“How can I do better?”
This question is reverberating around the world right now.
Over the past few days, I have seen a number of Black women make
pleas through their social media accounts for people to stop contacting them by
private messages to ask, “How can I help? What can I do? How can I be a better
For those who are not content creators or who are not public-facing in their work, it might come as a shock just how often boundaries get crossed online.
I don’t know what it’s like to get asked about anti-racism education, or how to support Black Lives Matter.
But I do know it’s a huge problem for tarot readers and astrologers to get contacted by people requesting free readings, feedback on their natal charts or tarot spreads, or advice on whether an ex is returning.
So I can only imagine what others deal with on a regular basis – and especially now, as so many people are seeking answers.
What I do know is that it’s a total drain to feel pulled at like this.
Unless someone has an open invitation to request free advice or free feedback, it’s highly inappropriate for people to make these demands.
I know that some might believe, “There’s no harm in asking, so why not try?” Or, “The worst that can happen is they say no.”
But here’s the thing: Sometimes, there is harm in asking.
And now is a great time to start learning that.
Why? Because it creates more work for the person on the receiving end of those messages.
Even if they decide not to respond, they still need to sort through those messages and choose what to do with them.
It’s also disrespectful. It says, “Your work, time, and labour are not that valuable to me.”
This practice of pulling at people for more: More information, more support, more advice has to change.
No matter what the context, no matter what the request, or the community it’s happening in, boundaries are getting crossed and resentments are building.
Work of any kind can’t be sustained without a fair exchange. That doesn’t just include money. It includes respect, too.
Here are some ways to do good in the world right now:
– There are so many free resources out there these days that can help you learn about anything you want – including anti-racism.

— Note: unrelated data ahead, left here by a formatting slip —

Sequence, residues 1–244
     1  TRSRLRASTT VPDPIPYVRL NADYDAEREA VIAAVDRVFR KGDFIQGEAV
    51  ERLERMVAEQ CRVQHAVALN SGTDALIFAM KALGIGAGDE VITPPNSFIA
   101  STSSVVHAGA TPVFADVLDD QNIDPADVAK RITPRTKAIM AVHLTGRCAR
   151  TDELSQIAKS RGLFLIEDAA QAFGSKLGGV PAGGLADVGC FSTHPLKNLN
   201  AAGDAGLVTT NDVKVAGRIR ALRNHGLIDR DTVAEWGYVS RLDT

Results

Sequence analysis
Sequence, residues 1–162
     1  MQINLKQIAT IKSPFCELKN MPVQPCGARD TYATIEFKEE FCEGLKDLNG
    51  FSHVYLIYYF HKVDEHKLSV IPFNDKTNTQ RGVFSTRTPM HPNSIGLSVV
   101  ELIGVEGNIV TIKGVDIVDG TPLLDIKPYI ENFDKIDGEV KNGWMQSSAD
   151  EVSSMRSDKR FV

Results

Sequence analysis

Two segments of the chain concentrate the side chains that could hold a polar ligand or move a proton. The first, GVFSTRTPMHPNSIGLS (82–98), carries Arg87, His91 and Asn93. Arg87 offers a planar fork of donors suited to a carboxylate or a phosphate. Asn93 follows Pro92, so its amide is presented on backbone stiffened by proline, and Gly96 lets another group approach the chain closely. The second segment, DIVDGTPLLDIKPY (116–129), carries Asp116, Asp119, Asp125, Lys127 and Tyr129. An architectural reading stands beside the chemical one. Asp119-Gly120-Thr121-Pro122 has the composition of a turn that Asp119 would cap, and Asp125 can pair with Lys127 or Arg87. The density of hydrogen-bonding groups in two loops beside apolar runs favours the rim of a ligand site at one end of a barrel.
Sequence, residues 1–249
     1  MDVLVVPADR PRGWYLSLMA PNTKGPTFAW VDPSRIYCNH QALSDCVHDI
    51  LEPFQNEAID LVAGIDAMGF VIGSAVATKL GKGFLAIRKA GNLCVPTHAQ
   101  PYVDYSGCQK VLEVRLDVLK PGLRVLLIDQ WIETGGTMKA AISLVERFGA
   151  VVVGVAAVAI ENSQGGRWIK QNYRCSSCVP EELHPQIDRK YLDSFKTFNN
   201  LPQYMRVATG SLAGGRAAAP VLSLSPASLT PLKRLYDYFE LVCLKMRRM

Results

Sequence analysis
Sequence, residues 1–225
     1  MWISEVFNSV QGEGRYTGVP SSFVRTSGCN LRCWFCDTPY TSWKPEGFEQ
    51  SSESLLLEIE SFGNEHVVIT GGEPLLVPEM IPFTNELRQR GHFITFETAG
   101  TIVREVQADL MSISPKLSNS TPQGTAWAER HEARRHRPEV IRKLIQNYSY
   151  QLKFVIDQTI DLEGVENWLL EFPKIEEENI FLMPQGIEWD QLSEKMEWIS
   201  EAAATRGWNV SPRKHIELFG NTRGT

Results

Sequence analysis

– Don’t demand someone else’s time or attention so that you can become a better person. Pay your way: Buy someone’s book, take one of their workshops, or make a donation to an organization.
– Don’t be “that” customer – you know, the one who does buy something and then believes it gives them a free pass to ask for more at no cost.
Did you get value from that book or workshop you took? Cool. Continue to support that person’s work by buying more. Pay your way every time.
– Posting on social media is not enough on its own. There is a whole world outside of our computer screens. Real growth and change takes time, and can’t always be captured in a status update.
– Remember that we are still in a pandemic. People are stretched thin in so many ways. When you place an unnecessary demand on someone’s time, you have no idea what else they may be dealing with right then. Be compassionate, patient, and generous, and self-sufficient.
– Listen. Really listen to what’s needed, and what’s being asked of you. So often we react, even with good intentions, but without thinking of whether an action will land on the right result.
– Say thank you. When someone does share a helpful message, or respond to you on their own free time, show your gratitude. I Saying thank you is such a simple thing to do, and can go such a long way.
– Think of respect as a spiritual practice. The more we listen and learn, rather than challenge, question, and force each other to give in or compromise a boundary, the healthier our communities can become.
Stay well and talk soon.
Until next time,